When I began to do research for my first maternity session, I felt like I kept finding pregnancy cliches – heart hands, chiffon over bellies, baby shoes – but I rarely found photos that told me something unique about the couple being photographed.
And then on Pinterest, I came across a black and white photo of a couple together in a small bathroom. He’s shaving and the woman’s fluffing her hair with her big belly pushed up against the sink.
Now, this told a story!
Intimate and beautiful and honest.
I’ve come to photography after decades spent on the other side of the camera, as an actor. An old acting teacher of mine used to always say variations of, “The camera is a truth seeker.” He believed, and I agree, that the camera has this uncanny ability to highlight whether someone is having a truthful moment, or faking it. And truth is why we are drawn to some performances while others feel false.
The camera celebrates honesty and vulnerability. I think this is just as true for portrait photography as it is for movies.
Our images sing when we capture something authentic and raw and they fall flat when we don’t believe the smile prompted by a “say cheese!”
I sent the bathroom photo I found off to my client, with a note about how much it inspired me. She was immediately on board with the idea of a documentary session.
This is Sarah and her husband’s first child and I loved the idea of capturing a morning in their life together and what that looks like at this moment in time, about a month or so before the baby’s arrival. After describing this approach to them, they loved the idea of having a record of this time, as well.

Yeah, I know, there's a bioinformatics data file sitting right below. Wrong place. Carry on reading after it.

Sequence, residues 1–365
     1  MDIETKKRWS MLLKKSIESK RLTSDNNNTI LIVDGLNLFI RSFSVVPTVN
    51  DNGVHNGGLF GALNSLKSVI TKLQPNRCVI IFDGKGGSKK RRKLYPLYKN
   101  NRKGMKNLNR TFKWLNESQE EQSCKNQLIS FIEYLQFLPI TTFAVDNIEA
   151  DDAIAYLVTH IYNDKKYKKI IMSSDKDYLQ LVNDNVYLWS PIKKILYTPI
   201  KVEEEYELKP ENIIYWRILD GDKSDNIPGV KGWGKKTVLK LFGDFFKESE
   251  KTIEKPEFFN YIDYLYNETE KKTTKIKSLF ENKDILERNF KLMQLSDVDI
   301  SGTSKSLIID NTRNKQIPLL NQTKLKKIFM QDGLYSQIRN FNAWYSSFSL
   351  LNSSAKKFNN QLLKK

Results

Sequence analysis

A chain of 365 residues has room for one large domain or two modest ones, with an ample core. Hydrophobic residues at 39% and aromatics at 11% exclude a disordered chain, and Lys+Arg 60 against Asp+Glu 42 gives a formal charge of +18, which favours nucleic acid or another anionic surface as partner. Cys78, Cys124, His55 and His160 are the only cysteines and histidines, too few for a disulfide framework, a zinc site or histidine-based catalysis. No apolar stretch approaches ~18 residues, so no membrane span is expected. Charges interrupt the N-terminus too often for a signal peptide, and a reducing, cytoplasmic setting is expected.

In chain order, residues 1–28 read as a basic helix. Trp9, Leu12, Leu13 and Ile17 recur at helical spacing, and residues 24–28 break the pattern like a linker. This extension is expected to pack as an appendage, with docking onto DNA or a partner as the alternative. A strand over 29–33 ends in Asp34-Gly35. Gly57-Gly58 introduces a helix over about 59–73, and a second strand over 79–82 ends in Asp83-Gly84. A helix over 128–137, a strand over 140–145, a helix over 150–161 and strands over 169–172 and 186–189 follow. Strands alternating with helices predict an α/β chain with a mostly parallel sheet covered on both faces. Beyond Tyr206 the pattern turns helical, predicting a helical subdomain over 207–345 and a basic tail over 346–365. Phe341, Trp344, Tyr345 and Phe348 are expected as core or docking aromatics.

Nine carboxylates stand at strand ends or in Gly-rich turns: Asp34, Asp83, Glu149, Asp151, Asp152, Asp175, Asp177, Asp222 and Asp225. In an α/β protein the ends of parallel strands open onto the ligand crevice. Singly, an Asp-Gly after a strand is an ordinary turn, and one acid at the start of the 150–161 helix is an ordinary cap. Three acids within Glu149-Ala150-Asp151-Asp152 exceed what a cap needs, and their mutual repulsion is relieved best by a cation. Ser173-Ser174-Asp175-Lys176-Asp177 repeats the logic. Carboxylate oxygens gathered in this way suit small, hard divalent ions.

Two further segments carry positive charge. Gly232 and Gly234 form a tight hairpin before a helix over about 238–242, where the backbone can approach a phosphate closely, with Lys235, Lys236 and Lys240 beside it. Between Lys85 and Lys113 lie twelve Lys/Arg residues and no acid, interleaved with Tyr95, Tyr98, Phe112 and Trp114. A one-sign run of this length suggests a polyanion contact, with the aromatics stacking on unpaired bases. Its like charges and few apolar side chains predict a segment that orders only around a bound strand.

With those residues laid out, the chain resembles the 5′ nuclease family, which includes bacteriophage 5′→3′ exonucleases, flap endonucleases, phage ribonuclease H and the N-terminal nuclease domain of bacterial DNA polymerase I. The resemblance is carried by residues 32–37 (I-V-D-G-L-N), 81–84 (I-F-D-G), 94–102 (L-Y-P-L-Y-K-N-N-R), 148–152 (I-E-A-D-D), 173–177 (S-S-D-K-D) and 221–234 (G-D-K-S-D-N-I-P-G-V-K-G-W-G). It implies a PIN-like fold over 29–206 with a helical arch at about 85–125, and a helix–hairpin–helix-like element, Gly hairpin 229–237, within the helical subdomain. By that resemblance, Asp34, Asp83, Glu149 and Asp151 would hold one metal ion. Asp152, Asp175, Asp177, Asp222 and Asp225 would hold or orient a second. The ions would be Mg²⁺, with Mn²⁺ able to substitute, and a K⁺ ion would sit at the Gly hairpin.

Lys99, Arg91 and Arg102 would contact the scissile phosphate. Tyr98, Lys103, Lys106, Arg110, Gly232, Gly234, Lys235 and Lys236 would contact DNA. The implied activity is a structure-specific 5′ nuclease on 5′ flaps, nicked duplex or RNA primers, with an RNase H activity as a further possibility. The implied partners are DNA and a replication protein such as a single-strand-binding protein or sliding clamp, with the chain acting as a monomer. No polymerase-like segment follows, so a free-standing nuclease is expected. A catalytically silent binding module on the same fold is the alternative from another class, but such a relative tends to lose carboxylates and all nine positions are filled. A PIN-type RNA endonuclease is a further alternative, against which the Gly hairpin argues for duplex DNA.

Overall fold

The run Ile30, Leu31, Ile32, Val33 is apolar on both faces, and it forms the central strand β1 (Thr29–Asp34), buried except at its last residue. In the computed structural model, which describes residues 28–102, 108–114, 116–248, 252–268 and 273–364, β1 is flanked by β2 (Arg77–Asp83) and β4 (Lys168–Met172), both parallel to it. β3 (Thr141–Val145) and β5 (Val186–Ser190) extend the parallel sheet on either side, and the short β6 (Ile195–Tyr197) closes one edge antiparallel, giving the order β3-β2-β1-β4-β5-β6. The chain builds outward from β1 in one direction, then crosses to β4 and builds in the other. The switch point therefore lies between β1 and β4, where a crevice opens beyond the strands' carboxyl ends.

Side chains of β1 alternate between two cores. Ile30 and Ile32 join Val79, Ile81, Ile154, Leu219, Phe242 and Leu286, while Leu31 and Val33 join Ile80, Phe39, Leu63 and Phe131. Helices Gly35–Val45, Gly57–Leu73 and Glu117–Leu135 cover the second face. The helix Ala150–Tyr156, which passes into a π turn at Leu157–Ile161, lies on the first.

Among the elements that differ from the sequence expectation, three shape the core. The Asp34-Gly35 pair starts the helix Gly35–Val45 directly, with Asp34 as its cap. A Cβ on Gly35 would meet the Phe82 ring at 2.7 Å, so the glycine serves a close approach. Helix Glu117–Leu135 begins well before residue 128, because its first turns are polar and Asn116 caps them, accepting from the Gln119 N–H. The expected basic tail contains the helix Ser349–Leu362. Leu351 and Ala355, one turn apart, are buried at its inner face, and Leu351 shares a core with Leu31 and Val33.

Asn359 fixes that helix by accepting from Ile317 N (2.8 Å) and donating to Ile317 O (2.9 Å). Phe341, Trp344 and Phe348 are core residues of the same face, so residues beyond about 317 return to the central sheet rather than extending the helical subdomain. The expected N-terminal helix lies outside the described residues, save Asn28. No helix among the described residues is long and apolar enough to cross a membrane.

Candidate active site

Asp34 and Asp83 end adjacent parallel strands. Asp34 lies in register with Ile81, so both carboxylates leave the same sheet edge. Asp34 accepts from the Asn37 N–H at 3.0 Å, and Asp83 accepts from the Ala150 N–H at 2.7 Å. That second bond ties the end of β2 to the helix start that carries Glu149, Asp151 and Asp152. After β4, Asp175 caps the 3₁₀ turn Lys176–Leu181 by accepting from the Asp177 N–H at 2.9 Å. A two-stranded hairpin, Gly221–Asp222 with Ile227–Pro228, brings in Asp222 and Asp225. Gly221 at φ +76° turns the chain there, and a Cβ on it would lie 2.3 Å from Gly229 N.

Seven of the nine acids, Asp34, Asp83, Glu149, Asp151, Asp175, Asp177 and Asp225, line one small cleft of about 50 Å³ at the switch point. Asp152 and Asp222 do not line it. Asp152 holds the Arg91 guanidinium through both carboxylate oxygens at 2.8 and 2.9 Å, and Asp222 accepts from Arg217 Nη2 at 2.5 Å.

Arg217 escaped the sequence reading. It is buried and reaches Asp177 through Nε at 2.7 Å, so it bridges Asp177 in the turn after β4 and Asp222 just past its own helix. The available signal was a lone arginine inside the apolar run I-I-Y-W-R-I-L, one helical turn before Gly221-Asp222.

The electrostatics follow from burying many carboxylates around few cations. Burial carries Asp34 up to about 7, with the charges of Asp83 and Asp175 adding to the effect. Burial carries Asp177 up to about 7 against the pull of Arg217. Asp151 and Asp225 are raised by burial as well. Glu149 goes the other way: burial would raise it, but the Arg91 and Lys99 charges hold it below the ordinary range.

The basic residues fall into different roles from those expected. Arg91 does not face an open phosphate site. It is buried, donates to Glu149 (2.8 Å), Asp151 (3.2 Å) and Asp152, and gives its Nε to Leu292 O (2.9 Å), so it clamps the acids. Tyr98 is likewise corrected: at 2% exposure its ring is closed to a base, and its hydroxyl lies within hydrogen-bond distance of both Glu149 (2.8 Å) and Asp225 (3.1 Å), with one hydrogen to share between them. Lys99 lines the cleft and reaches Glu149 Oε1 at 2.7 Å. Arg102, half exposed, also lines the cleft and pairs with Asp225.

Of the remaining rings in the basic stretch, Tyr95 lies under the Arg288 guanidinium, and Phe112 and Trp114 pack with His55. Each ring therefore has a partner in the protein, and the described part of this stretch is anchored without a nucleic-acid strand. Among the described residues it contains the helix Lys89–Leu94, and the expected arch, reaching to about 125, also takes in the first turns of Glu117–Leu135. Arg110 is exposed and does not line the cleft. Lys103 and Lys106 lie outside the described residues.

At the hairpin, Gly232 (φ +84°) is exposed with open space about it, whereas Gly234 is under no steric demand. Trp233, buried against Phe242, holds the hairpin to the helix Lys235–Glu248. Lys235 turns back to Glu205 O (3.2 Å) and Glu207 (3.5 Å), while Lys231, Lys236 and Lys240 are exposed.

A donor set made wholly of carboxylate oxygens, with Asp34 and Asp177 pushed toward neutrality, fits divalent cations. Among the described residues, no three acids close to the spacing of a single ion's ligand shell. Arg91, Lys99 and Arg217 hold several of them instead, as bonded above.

Pin this for easy access to share with prospective clients for needing maternity inspiration:
Both Sarah and Jean Michel are actors and comfortable on camera, which unquestionably made my job easier.
My approach to documentary photography isn’t to tell them that I’ll be “a fly on the wall.” I find that when people are trying to ignore something that is happening, it’s incredibly difficult to behave normally. I prefer to engage and by all of us acknowledging the reality of the situation, I find the camera and the awkwardness disappear.
I arrived and we chatted while the two of them went about making breakfast together. It’s clearly a well-loved routine in their lives (and one that will undoubtedly change with the arrival of their little one).
I took a lot of photos, moving throughout their space and finding different angles and compositions. Clothing changes, and therefore a number of different looks, happened naturally as Sarah got dressed for the day, did some stretching, became too hot and changed again.
They moved through their morning, sometimes coming together in the frame, sometimes doing their own thing.
I made sure not just to document the two of them, but their space, their routine, the pile of baby clothes and cards from the recent shower, the cat.
I want them to be able to look through these photos with their daughter in ten years, when pre-child life seems like distant history, when maybe they’re in a new home, and for all of them to be able to see a glimpse of this time…
…to be able to remember the beautiful light in their first apartment together, the two of them laughing and connecting, and most of importantly how excited they were for her arrival.
Writing and photography by Sarah Sido.
About Sarah Sido: Sarah is a documentary family and event photographer, as well as an actor. She started to learn photography in earnest about seven years ago when her then boyfriend (now husband) recruited her to shoot stills on a short documentary project. With the birth of their son, she realized that she was in many ways more interested in the real stories unfolding around her than in fiction. Though at the end of the day she’s searching the same things, regardless of which side of the camera she is on: honesty, relationships, vulnerability, and humor. Sarah lives in Los Angeles with her husband, son, and dog, Comrade, who’s extra long tongue regularly shows up on her Instagram account.Hey Storyteller... Pick one and pass this onto a friend: